Mely v. State Farm Ins. Co.

Annotate this Case

530 N.W.2d 216 (1995)

Chris MELY, Respondent, v. STATE FARM INSURANCE COMPANY, Appellant.

No. CX-95-463.

Court of Appeals of Minnesota.

April 18, 1995.

*217 Mark E. Gilbert, Gilbert & Mandel, Roseville, for respondent.

Bradley T. Cosgriff, LaBore & Giuliani, Hopkins, for appellant.

Considered at Special Term and decided by HUSPENI, P.J., Davies and Toussaint, JJ.

SPECIAL TERM OPINION

HUSPENI, Judge.

FACTS

On March 1, 1995, State Farm Insurance Company filed this appeal from a November 30, 1994, judgment modifying and confirming an arbitration award. The appeal papers indicated appellant had received written notice of entry of the November 30 judgment on December 5, 1994. This court questioned whether the appeal was timely. Both parties submitted jurisdiction memoranda. We dismiss the appeal because we conclude it was not timely filed.

DECISION

"Special proceeding" has been broadly defined as a generic term for civil remedies that are not ordinary actions. Anderson v. Langula, 180 Minn. 250, 251, 230 N.W. 645, 645 (1930); see also Schuster v. Schuster, 84 Minn. 403, 407, 87 N.W. 1014, 1015 (1901) (where the law confers a right and authorizes a special application for court enforcement, the application constitutes a "special proceeding").

The Minnesota Uniform Arbitration Act changed "the common law policy of judicial hostility toward arbitration to one favoring arbitration." Layne-Minnesota Co. v. Regents of Univ. of Minn., 266 Minn. 284, 288, 123 N.W.2d 371, 374 (1963). The act provides "summary procedures" to compel or prevent arbitration and to review awards. Id. at 288, 123 N.W.2d at 374-75. Because the rights and remedies created by the arbitration act are statutory, a proceeding for district court review of an award is not an ordinary civil action.[1]

Not all statutory remedies qualify as special proceedings. See, e.g., Beatty v. Winona Hous. & Redev. Auth., 277 Minn. 76, 79-80, 151 N.W.2d 584, 587 (1967) (declaratory judgment actions are not special proceedings); County of Stearns v. Schaaf, 472 N.W.2d 191, 192 (Minn.App.1991) (paternity proceedings are in the nature of ordinary civil actions and are not special proceedings). In determining whether a statutory remedy is a special proceeding, we have considered whether the action is commenced and tried as an ordinary civil action. See County of Stearns, 472 N.W.2d at 192 (paternity actions are commenced by summons and complaint and are tried as ordinary civil actions).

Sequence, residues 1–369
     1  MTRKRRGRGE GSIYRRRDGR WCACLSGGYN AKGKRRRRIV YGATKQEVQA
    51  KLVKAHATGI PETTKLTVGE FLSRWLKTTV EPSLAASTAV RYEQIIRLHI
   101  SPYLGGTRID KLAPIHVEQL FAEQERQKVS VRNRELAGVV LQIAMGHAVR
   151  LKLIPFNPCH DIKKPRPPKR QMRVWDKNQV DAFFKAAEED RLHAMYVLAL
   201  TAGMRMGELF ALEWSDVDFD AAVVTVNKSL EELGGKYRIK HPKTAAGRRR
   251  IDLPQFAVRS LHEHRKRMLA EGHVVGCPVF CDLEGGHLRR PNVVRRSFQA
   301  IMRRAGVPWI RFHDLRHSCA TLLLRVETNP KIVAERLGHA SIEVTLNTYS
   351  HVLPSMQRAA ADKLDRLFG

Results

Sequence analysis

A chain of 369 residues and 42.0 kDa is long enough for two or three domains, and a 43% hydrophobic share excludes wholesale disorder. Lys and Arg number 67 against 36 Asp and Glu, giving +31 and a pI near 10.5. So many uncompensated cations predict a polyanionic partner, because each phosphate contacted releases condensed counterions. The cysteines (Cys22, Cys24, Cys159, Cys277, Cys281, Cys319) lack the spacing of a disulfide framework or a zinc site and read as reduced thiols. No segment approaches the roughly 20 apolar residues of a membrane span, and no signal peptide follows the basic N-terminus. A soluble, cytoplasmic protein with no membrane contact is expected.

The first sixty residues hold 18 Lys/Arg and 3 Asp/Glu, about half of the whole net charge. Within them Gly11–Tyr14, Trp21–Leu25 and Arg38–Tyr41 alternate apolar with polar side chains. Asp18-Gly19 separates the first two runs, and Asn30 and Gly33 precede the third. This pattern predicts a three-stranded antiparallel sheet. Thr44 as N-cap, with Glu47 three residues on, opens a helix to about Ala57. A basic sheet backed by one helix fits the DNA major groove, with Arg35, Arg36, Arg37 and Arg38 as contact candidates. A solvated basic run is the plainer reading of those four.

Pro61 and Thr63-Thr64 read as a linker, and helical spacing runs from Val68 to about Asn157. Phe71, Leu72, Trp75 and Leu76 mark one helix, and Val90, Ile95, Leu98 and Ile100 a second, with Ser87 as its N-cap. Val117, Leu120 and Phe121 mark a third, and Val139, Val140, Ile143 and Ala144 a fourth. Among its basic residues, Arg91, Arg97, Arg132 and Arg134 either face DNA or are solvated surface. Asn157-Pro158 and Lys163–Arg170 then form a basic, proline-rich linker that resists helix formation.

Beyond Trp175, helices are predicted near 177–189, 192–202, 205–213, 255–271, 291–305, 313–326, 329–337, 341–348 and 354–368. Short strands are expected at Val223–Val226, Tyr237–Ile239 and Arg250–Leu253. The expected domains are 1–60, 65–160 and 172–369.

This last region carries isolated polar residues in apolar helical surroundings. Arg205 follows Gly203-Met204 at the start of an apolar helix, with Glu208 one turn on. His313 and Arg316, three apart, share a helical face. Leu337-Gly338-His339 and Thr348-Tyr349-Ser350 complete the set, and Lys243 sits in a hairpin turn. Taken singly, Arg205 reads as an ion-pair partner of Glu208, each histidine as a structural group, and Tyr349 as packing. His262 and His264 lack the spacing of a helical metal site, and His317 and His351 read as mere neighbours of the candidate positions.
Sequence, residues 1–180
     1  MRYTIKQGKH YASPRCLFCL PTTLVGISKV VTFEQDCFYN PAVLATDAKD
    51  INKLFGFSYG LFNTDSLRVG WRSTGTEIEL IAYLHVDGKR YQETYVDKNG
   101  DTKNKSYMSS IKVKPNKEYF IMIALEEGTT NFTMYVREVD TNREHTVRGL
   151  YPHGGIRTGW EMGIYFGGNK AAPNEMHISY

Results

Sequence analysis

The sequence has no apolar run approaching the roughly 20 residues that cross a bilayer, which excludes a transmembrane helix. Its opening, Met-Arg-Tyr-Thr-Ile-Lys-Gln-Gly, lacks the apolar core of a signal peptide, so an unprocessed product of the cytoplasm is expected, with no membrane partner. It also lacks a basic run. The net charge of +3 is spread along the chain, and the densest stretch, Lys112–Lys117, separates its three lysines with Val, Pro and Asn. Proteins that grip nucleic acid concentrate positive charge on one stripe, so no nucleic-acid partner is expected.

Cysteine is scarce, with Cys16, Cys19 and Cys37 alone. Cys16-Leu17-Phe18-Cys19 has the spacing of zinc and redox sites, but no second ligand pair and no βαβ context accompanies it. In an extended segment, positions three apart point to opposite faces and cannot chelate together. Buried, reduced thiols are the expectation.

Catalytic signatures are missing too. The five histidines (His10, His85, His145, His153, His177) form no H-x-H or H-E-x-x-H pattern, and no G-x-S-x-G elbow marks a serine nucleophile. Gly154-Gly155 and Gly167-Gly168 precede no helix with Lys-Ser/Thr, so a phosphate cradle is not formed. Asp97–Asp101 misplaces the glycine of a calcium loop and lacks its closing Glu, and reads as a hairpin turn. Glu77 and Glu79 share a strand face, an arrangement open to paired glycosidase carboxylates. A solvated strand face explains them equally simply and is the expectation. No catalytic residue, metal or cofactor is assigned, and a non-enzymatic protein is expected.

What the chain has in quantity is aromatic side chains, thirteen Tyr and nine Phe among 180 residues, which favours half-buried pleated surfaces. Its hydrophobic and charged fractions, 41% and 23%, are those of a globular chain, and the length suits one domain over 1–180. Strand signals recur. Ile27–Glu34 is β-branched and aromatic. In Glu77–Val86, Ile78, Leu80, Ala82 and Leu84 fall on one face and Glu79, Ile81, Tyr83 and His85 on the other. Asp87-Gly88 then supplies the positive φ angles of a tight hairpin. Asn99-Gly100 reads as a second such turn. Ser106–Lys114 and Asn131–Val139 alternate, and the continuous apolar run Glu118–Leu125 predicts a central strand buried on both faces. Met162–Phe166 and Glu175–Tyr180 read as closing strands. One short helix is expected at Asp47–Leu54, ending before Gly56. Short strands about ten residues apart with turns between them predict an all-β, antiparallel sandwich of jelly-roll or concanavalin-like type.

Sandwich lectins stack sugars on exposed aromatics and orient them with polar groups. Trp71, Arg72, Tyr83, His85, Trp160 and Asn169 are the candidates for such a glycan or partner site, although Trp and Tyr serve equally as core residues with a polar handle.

As distinguished from an ordinary civil action, an action for review of an arbitration award under Minn.Stat. ch. 572 is commenced "by motion and shall be heard in the manner and upon the notice provided by law or rule of court for the making and hearing of motions." Minn.Stat. § 572.23 (1994). We hold that district court proceedings under Minn.Stat. ch. 572 are "special proceedings" because the statute sets out summary procedures for special relief, and the actions are not commenced and tried as ordinary civil actions. See Chapman v. Dorsey, 230 Minn. 279, 283, 41 N.W.2d 438, 441 (1950) (special proceeding is commenced independently by petition or motion to obtain special relief).

The statute sets out the types of orders and judgments from which an appeal may be taken in arbitration proceedings. See Minn.Stat. § 572.26, subd. 1 (1994); Miyoi v. Gold Bond Stamp Co. Employees Retirement Trust, 293 Minn. 376, 378, 196 N.W.2d 309, 310 (1972). In this case, the November 30, 1994, judgment confirming the arbitration award as modified was appealable. See Minn.Stat. § 572.26, subd. 1(6) (appeal may be taken from a judgment or decree entered pursuant to the provisions of chapter 572).

*218 The time to appeal a judgment in a "special proceeding" differs from the appeal period for judgments in ordinary civil actions. An appeal from a judgment in an ordinary civil action must be taken within 90 days after entry. See Minn.R.Civ.App.P. 104.01. But unless a different appeal period is specified by statute, the time to appeal a final judgment in a special proceeding expires 30 days after an adverse party serves written notice of entry of judgment. See Minn.R.Civ.App.P. 104.03, 104.01; Hofseth v. Hofseth, 456 N.W.2d 99, 102 (Minn.App. 1990).

Because arbitration proceedings are special proceedings, the appeal period in this case expired on January 9, 1995, 33 days after respondent served notice of entry of the November 30 judgment by mail. See Minn. R.Civ.App.P. 104.03, 125.03. This appeal was not served and filed until March 1, 1995, and it is untimely.[2] Dismissal of this appeal is required because we lack jurisdiction to extend the appeal period or to consider an untimely appeal. See Minn.R.Civ.App.P. 126.02; Township of Honner v. Redwood County, 518 N.W.2d 639, 641 (Minn.App. 1994), pet. for rev. denied (Minn. Sept. 16, 1994).

Appeal dismissed.

NOTES

[1] We express no opinion on whether a proceeding to enforce an arbitration award outside of Minn.Stat. ch. 572 is a special proceeding. See Anderson v. Federated Mut. Ins. Co., 481 N.W.2d 48, 50 (Minn.1992) (the Minnesota Uniform Arbitration Act did not supersede common law arbitration).

[2] This appeal would be untimely even if the time to appeal a judgment in an ordinary civil action applied, because the ninetieth day after entry of the November 30, 1994, judgment was February 28, 1995.